Welcome to the forums. They're awesome, especially Rounik! Yeah, basically Rounik explained BEAT MAPPING in a nutshell there. I basically use Beat Mapping when I record my drums in a studio. No drummer is ever 100% on the click/metronome! It's impossible! That is called a drum machine! hahahahaha:) Anyway, when you beat map the kick and snare drum, for example, you're basically moving Logic's time grid to match your "actual" playing so that you still keep the original feel of the drums that you recorded. Now anytime you want to add any kind of loops to your new beat mapped kick and snare parts, those loops will automatically line up, IN TIME, with your drums, and after that, any other parts (bass, keys, etc.) can be added in time to your beat mapped drums. If you don't beat map your kick and snare, for example, and then you want to add loops to your drums, you will notice that they aren't quite in time with each other, soooooooooooo, ya gotta beat map the drums:) Steve H mentioned in his 201 tutorial that he actually likes doing the physical labor of lining up the beat maps, and I have to say, I do too:)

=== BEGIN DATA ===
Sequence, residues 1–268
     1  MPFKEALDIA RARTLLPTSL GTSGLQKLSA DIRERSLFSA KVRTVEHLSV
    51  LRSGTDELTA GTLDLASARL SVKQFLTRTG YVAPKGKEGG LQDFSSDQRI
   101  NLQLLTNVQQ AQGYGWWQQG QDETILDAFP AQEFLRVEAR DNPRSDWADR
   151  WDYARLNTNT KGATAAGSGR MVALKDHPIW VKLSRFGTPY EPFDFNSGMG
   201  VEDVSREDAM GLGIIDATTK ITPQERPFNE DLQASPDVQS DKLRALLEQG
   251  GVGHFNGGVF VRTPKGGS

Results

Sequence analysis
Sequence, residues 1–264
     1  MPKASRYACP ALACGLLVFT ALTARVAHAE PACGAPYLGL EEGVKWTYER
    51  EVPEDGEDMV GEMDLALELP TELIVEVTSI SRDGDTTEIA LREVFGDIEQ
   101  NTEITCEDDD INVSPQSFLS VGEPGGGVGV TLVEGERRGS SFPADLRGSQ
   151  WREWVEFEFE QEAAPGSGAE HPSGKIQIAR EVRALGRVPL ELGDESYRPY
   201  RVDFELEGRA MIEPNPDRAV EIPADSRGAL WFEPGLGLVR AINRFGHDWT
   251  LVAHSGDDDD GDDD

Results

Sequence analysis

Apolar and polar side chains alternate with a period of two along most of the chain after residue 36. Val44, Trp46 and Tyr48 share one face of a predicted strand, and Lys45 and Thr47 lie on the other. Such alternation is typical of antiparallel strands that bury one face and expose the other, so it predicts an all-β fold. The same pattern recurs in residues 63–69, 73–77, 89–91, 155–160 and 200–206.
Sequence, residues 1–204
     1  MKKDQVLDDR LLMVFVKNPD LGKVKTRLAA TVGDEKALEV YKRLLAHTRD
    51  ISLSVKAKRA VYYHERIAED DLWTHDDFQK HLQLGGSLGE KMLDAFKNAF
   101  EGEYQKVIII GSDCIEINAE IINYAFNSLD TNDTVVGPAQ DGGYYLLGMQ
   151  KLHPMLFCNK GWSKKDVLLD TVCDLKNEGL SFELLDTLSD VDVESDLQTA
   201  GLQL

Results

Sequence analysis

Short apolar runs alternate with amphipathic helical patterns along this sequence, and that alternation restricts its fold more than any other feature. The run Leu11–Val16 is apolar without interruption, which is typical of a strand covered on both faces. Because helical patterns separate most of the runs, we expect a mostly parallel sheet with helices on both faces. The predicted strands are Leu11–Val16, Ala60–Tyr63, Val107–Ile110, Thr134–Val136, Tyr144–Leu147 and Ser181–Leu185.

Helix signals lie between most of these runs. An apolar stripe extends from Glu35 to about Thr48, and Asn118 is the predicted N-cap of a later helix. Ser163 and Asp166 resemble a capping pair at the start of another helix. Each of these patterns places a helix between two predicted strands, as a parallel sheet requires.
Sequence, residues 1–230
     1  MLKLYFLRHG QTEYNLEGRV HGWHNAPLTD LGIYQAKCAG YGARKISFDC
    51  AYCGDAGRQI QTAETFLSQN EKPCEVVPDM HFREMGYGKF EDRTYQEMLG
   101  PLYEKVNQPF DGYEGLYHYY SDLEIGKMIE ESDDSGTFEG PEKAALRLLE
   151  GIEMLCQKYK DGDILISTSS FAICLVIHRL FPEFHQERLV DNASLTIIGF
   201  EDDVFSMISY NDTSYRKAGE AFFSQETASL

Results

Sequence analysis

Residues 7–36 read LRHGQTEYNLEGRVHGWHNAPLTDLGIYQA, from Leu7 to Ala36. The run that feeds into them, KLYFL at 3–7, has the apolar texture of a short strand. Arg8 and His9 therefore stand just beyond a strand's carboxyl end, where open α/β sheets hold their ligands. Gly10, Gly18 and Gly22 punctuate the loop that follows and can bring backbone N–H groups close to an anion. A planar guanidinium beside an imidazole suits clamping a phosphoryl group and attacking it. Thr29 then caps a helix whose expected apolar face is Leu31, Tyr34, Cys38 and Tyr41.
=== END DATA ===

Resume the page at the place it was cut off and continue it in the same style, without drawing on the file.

Does that make sense?